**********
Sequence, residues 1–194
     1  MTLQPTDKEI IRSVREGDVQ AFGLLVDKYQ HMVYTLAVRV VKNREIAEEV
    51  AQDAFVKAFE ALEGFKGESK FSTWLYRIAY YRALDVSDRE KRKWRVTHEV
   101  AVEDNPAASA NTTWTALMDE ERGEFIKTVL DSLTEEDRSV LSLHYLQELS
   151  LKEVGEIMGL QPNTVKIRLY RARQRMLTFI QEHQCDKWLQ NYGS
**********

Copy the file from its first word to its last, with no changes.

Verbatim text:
Sequence, residues 1–194
     1  MTLQPTDKEI IRSVREGDVQ AFGLLVDKYQ HMVYTLAVRV VKNREIAEEV
    51  AQDAFVKAFE ALEGFKGESK FSTWLYRIAY YRALDVSDRE KRKWRVTHEV
   101  AVEDNPAASA NTTWTALMDE ERGEFIKTVL DSLTEEDRSV LSLHYLQELS
   151  LKEVGEIMGL QPNTVKIRLY RARQRMLTFI QEHQCDKWLQ NYGS